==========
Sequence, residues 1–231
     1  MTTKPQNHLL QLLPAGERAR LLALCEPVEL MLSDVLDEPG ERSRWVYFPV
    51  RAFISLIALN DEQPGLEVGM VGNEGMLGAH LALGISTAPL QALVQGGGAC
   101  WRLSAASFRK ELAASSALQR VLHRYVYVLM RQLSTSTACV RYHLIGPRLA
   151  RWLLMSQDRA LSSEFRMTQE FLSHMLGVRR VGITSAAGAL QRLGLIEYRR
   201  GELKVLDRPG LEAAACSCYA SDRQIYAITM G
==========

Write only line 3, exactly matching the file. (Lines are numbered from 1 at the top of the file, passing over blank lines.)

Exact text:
    51  RAFISLIALN DEQPGLEVGM VGNEGMLGAH LALGISTAPL QALVQGGGAC